Sometimes I'll try something different such as actual photography of actual humans, with pulses and everything. It's a step in a slightly different direction but I try to keep it consistent with the usual "forbidden tourism" theme of the blog by doing it on a rooftop or something.
It's not something I'm particularly great at, but as the saying goes, your first 10,000 photographs will be your worst. I've done two rooftop shoots now, and the photos have just sat on my computer and done nothing, although I did publish my photoshoot with Isla last year.
This photoshoot predates my shoot with Isla, and as such the photos have gone mostly unseen for longer. The models name is Jess. I met her back in the days when this blog didn't really have much social media presence. Jess was one of the first to follow the blog on Instagram, and we got talking. Jess is pretty cool, and her life is one massive adventure. She's the kind of person who, if one happens to see her for the first time in a long while and say "Jess, it's been ages, how have you been?" it's not at all unusual for her to respond with something like "Ah yes, I crashed a helecopter into Guam, and had to live there for two weeks until I could afford a boat. On the way back I made friends with a homeless person, and we decided to hitch hike across Europe together for a bit. But I'm back now, and I have a new hat."
Obviously simply being on a roof isn't illegal. It's a bit like gay marriage, in that it's victimless and only bothers people who don't know how to mind their own business. If safety is a concern, then that's fair enough, but rooftopping is arguably safer than driving, in that we're not being hurled forward at speeds faster than humans can naturally go, with the only things saving us from a head-on collision being a stripe of paint and blind faith in the common sense of other motorists. With rooftopping, one only has their own common sense to rely on. In fact I think the only way to fall from these locations is to actively try, and that would be silly.
However I take full responsibility for the safety of someone who I'm photographing. In spite of how it may sometimes appear, Jess is never in any danger of any fatal drops. Most slopes and drops just lead to slightly lower rooftops.
Anyway, enjoy the shots that me and Jess made together. They capture the true enormity of the playground that is the world above the floor-walkers, and possibly even a sense of detachment from humanity, not necessarily in a negative sense but rather just a feeling of disassociation with the nice normal folk in spite of being among them. Click a picture to see it big.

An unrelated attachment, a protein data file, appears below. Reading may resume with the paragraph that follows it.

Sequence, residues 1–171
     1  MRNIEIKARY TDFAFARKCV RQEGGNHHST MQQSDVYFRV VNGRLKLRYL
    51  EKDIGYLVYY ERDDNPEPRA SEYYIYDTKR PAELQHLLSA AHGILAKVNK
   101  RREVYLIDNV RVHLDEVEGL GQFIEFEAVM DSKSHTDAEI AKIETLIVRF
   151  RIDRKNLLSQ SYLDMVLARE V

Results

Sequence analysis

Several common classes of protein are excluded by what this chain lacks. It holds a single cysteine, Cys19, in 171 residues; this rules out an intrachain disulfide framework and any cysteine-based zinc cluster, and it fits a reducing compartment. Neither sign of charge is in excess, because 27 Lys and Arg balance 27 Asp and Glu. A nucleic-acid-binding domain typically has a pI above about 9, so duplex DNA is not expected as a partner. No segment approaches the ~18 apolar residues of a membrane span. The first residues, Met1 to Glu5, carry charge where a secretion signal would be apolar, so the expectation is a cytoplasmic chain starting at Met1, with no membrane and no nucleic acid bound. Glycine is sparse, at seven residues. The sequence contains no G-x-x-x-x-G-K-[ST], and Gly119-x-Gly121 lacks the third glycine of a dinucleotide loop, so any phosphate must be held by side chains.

There's a few more shots that we took in the Knights Templar cave, but they're far more experimental.
And that's it. Rooftop photoshoots are actually loads of fun, and a step in a slightly different direction for me, while keeping consistent with what I do.
I'd love to keep doing it, and maybe even integrate more steampunk / dieselpunk / cyberpunk fashion into it, much like some of the photoshoots I've done at Whitby. But time will tell. Purists need not worry, I'll still be doing location explores, of course. In fact next I'm blogging about an abandoned school in Shropshire.
On a final note, you may remember in a recent blog post, I mentioned the passing of a good friend of mine, Becky Wood, whose life came to an end at the age of 26, shortly after giving birth to her daughter Ellie. Recently I've been made aware of a fundraiser in her honour, called Remembering Becky. My understanding is 50% of the funds raised will go to Leonard Cheshire Disability, which was a charity Becky supported. The remaining 50% will go to young Ellie, who has to grow up never knowing her mother. Since Becky was important to me and to a lot of people I'd love it if people could donate whatever they can, and failing that, share the fundraiser page.
In the meantime, that's it from me today. If you like the blog, share it wherever you want. And follow me on Instagram, Twitter and like my Facebook.
Thanks for reading. See you next time.